The paper made the cover of the January 2019 Blood Journal. You can read the abstract of the paper, HERE




January 22, 2019

New tools developed for surgery on deep lesions

NICO Corporation is a company that develops minimally invasive surgical technologies. BrainPath is one such system used to access deep CCM lesions, as described in this recent publication, available HERE.




January 8, 2019

Furthering the Cancer Connection with CCM3

A team of genetic and cardiovascular disease researchers in Germany recently used CRISPR gene editing technology to develop a cell model that is completely deficient for CCM3 protein. The model is unique because the gene editing ensures the CCM3 deficiency is permanent, whereas other technologies may result in localized or short-term changes. The idea is that these cells, derived from human blood vessel cells, would behave most like those brain blood vessels in human patients that seed the formation of CCM lesions.

This new model supports other recent findings that CCM lesions have a cancer-like behavior. Like cells of a tumor, these cells, that have a long-term deficiency of CCM3, are able to survive longer and replicate faster than cells with some or full function of CCM3. Furthermore, these cells don't sprout and make branches as blood vessel cells should. Instead, they just replicate themselves over and over, likely contributing to the development of CCM lesions.

The authors of this study propose that this cell model might be useful in the future for testing novel therapeutics aimed specifically at CCM type 3.

You can read the entire article from the Journal of Cellular and Molecular Medicine, HERE




November 8-9, 2018

2018 CCM Meeting Summary

The 2018 CCM Meeting continued on a great tradition of success – for the first time, we had over 100 attendees with representatives from five continents, five drug companies, three advocacy organizations, government officials and an international consortium of clinicians and scientists. 

An overview of the meeting proceedings can be found HERE




November 9, 2018

National Family Conference Presentation

It was my pleasure to deliver a presentation to the family conference attendees about current research studies, particularly focusing on those recruiting participants. My presentation slides are available HERE.



October 4, 2018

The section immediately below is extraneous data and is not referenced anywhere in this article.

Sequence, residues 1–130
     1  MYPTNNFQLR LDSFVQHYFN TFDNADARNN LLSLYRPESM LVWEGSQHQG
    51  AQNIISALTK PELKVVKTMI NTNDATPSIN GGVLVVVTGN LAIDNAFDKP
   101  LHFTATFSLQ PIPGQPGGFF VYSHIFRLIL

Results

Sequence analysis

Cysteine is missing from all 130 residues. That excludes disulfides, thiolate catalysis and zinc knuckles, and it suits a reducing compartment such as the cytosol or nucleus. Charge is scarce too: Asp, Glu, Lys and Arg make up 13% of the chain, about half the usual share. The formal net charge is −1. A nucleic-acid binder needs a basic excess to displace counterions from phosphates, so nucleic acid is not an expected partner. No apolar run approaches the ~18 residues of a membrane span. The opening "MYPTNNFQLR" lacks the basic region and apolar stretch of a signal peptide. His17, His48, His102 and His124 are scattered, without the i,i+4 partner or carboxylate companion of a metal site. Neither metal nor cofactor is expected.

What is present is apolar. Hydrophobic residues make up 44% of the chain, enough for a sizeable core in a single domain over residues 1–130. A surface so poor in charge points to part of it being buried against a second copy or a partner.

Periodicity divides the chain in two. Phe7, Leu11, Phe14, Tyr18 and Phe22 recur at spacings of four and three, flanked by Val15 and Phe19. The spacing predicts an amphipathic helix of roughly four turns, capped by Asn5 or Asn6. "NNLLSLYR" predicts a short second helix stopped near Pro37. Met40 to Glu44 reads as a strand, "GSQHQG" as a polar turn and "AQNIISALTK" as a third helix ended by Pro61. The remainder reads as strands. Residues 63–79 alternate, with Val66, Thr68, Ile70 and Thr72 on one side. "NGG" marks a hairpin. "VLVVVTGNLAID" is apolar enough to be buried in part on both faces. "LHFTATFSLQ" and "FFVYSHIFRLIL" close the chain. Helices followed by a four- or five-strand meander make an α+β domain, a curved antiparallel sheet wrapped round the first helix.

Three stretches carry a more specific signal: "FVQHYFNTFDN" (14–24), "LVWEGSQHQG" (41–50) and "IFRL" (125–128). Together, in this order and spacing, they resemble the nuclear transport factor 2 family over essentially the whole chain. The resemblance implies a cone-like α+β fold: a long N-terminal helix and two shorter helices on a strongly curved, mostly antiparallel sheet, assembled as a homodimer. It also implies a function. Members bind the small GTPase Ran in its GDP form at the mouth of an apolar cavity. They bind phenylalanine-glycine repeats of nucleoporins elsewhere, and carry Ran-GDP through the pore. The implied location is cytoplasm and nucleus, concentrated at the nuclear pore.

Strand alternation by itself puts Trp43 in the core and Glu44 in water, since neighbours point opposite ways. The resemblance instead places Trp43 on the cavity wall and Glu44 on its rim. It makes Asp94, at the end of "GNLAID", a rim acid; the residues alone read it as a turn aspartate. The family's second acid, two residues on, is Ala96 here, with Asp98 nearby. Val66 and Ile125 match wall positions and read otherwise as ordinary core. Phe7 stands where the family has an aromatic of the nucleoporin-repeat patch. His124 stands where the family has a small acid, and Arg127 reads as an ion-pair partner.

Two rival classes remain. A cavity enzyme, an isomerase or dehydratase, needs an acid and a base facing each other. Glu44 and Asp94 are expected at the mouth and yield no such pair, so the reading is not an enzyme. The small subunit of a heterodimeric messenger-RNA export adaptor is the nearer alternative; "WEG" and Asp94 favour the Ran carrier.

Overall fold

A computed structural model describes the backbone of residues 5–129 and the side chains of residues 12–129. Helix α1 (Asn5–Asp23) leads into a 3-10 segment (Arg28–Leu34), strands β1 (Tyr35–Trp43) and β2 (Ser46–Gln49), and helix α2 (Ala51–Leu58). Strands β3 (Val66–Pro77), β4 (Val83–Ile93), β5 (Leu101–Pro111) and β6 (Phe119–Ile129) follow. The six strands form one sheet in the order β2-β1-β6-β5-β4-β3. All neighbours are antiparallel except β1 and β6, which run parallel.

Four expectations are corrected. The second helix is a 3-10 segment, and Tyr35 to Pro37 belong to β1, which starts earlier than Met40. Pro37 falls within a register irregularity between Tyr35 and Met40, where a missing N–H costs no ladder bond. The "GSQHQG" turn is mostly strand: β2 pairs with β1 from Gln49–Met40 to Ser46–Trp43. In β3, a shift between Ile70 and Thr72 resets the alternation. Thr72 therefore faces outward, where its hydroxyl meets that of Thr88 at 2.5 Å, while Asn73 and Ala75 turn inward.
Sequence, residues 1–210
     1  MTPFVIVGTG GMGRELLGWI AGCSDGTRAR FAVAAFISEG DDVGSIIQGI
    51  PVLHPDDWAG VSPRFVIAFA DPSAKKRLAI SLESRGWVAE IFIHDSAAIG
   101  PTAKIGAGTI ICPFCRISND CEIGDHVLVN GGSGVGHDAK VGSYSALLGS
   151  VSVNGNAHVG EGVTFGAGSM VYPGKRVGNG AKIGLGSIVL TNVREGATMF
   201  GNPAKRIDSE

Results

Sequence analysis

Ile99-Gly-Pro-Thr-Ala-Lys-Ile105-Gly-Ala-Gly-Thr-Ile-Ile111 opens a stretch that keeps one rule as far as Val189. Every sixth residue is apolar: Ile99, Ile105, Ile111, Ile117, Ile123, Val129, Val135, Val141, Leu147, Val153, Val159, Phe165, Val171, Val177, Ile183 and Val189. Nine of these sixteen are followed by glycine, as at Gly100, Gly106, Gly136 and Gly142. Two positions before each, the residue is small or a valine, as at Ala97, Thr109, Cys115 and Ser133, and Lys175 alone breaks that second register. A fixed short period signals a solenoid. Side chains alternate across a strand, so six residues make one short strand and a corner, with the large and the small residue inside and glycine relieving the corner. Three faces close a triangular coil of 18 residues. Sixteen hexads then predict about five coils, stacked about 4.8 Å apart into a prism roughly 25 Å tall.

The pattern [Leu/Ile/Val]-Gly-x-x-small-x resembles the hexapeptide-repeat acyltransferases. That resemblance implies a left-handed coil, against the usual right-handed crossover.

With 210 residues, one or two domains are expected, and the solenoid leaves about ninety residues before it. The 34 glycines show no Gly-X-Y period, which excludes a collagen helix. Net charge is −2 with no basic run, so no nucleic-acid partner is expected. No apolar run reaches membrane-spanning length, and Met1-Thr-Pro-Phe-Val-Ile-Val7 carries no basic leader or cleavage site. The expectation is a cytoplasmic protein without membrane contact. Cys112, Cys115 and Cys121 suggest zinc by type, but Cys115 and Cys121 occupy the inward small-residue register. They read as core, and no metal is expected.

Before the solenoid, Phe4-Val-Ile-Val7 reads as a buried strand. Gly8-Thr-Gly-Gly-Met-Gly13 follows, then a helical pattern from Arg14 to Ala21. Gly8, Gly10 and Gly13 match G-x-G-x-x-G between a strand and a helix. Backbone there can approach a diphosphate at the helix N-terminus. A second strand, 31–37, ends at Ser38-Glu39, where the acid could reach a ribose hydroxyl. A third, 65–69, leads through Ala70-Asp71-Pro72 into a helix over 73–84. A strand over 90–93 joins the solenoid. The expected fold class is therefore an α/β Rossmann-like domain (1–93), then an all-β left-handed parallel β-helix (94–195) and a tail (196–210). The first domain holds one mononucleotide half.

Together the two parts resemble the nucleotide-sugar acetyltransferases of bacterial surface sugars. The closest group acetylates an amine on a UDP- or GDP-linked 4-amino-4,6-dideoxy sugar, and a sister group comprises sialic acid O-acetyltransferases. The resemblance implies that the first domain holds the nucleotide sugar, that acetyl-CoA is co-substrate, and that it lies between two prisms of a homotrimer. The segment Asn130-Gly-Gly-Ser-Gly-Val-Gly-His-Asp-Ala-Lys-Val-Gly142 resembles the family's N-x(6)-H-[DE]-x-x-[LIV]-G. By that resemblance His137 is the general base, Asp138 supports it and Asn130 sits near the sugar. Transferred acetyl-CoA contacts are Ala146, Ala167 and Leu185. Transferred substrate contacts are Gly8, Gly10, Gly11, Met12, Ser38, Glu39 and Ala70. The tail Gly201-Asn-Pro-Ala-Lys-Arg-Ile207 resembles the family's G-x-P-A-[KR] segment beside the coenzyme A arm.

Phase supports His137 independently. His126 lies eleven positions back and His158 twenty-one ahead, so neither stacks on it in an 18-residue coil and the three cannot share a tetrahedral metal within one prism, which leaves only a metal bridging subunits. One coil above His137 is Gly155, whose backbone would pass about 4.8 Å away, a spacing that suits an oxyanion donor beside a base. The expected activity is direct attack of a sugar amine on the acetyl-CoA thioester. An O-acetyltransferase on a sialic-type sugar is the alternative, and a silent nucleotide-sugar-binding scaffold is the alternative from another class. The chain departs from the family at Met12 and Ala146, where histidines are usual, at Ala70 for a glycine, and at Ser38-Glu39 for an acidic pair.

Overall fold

Intestines & CCM1 Protein 

CCM1 protein has important functions outside of the brain.

Recent studies from the team at the University of Chicago find that KRIT1 is important to maintain proper barrier function in the cells lining our intestine. (The CCM1 protein is called KRIT1. The intestine is lined by a layer of epithelial cells.) Interestingly, the way KRIT1 regulates control of permeability in the intestine is unique from the way the protein regulates permeability in brain vessels. In the brain, mutation of CCM1 result in stress fibers forming inside with cell causing a change in physical structure, and these changes can be reversed with ROCK inhibitor drugs. Neither is the case in the epithelial layer of the intestine, highlighting the diverse roles of this multi-functional protein. Continued research in this area may shed light on how CCM1 mutations may be related to other inflammatory or gut-related diseases.

This article was published in the FASEB Journal, the abstract is available HERE.


September 28, 2018

Reactive Oxygen Species, Oats & CCM 

Oats and oatmeal-derived products (think anti-itch soaps and shampoos) have long been known for their calming, anti-inflammatory and anti-itch properties. In recent years research teams have dissected the molecular characteristics of oats and identified compounds directly responsible for blocking inflammation and cell growth, and for neutralizing reactive oxygen species (ROS). For example, drugs derived from related compounds are used as anti-histamines to treat a variety of allergy-related ailments, including atopic dermatitis.

What does all this have to do with cavernous angioma? Last year, a collaborative team from the University of Torino, Italy and the Unversity of Rochester published findings on an important connection between CCM1 gene mutations and the increased production of reactive oxygen species (ROS). (https://www.nature.com/articles/s41598-017-08373-4) Excessive amounts of ROS can be damaging to cells. In the case of CCM1, these extra ROS molecules contribute to leaky blood vessels of CCM lesions. This study team was able to reverse the cellular effect of ROS using an oat-derived anti-oxidant molecule.

Now, we aren't ready to make any clinical recommendation of oat-therapy for CCM. But, this review highlights the importance of continued research into oat-derived molecules for a wide range of illnesses, including CCM, that are impacted by inflammation or antioxidants.


September 24, 2018

CCM Lesions Develop (in part) like a Tumor

New research highlights the cancer-like quality of CCM lesions...

The illness in which Angioma Alliance keenly focuses is known by several names - Cavernous Angioma and Cerebral Cavernous Malformation (CCM) are terms often used interchangeably. Angioma implies a cancer-like quality or vascular tumor. While the term malformation is distinctly noncancerous. A traditional malformation grows only as the body grows in size, not independently, like a tumor.